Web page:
There are varying policies on what sellers are required to tell you legally from state to state.  So, make sure you’re aware of your state’s requirements of Seller’s Disclosures.  On a national level, any seller who has owned a home built before 1978 has to tell buyers about using any lead paint in the house.  If your state doesn’t have any disclosure laws, they will use a “caveat emptor,” which translated from Latin, means “Let the buyer beware.”  This means the buyer must not assume that the quality of a purchase is guaranteed.  Therefore, you should ask the seller direct questions about any issues.  Here’s a list of questions to ask:


  • Are you aware of any asbestos in the home?
  • Are there any problems with the heating, plumbing, or electrical systems
  • Do you know of any issues with the roof, and when was its last repair? 
  • Are you aware of any mold in the home?  


Step 5: Make An Offer and Negotiating

When making an offer, consider the cost of other homes in the neighborhood, how long this house has been for sale, and again, its condition.  You’ll often offer an amount that is lower than the money you’ve had preapproved.   This way, you will have somewhere to go in negotiations.

 Once you’ve decided how much to offer, you then write an official offer letter which should include the following:


  •  The full address of the home
  •  Your full legal name and the name(s) of anyone else buying the house with you
  •  The amount you’re offering for the home
  •  Any contingencies you’re requesting (i.e., anything that needs to be completed before the sale goes through – most common is a successful home inspection)
  •  Any seller concessions you’re asking, such as discount points or cash toward closing
  •  A copy of your mortgage pre-approval letter
  •  Items you want to be included in the sale, such as appliances or window dressings
  •  The date you expect to close
  •  The date you want to move into the home
  •  A deadline to respond to your offer

Any negotiating will then be done by you and the seller’s agent unless, however, there is no agent.  If the home is being sold by its owner, you will give the letter directly to them.  They can then accept or deny your offer or return a counteroffer.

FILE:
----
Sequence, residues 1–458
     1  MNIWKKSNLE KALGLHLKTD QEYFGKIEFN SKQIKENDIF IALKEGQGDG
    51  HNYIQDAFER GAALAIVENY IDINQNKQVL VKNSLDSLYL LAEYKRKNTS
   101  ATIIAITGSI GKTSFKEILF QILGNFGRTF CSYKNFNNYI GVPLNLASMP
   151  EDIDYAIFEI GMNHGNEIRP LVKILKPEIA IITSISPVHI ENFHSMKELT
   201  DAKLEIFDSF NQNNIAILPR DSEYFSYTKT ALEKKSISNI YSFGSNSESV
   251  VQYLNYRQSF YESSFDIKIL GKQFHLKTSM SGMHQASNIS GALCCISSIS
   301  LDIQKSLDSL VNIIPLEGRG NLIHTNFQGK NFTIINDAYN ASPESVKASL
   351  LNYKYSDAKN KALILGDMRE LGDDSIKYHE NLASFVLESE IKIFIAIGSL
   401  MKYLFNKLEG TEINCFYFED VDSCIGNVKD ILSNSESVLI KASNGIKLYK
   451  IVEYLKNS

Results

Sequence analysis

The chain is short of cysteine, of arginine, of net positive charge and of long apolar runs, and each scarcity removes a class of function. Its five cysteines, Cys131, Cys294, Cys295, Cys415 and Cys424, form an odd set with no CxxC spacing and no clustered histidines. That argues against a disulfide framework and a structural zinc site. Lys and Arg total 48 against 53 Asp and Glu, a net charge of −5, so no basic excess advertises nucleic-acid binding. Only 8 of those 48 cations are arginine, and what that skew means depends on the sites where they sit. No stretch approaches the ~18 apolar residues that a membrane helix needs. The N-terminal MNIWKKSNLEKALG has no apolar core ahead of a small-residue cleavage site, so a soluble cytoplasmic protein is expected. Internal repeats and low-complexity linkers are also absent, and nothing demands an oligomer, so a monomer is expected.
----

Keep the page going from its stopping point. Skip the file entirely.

Step 6: Home Inspection and Hiring an Attorney 

Conducting a home inspection is not legally required but highly recommended.  A good home inspector will examine the house with expert eyes and identify or uncover any issues with the home that the seller may not have disclosed or was unaware of.   

 

Hiring a lawyer is not mandatory either but also a huge help and provides an extra layer of protection.  However, some states require a real estate attorney to transfer your title and complete your home sale.  

 

Step 7: More Negotiations

If the home inspector finds issues with the home, you can negotiate with the seller to remedy the situation.

 

It is within your right to ask that the seller repair any issues before you close.  You can also inform the seller that you will fix the problems yourself but would like reimbursement for any costs.  You may also ask for a discount on the price of the house.  And lastly, if the seller will not agree to any of those, you can cancel the sale.  It’s best to keep negotiations in writing and keep a diligent record of them.  

 

Step 8: Solidifying Financials and Closing

Upon reaching an agreement with the seller, the time has finally come to close on the loan.  Once the appraisal and underwriting are approved, you will receive a Closing Disclosure from your lender.   This will describe the terms of the loan, cost of closing, and your interest rate, among other things.  Contact your lender to set a closing date when you are satisfied with the contract.  On this day, you will sign your loan as well as other paperwork required for closing, allowing you to become an official homeowner.

 

Buying a home is a lot of work with or without a real estate agent…but worth it when you find the right home for you and your family!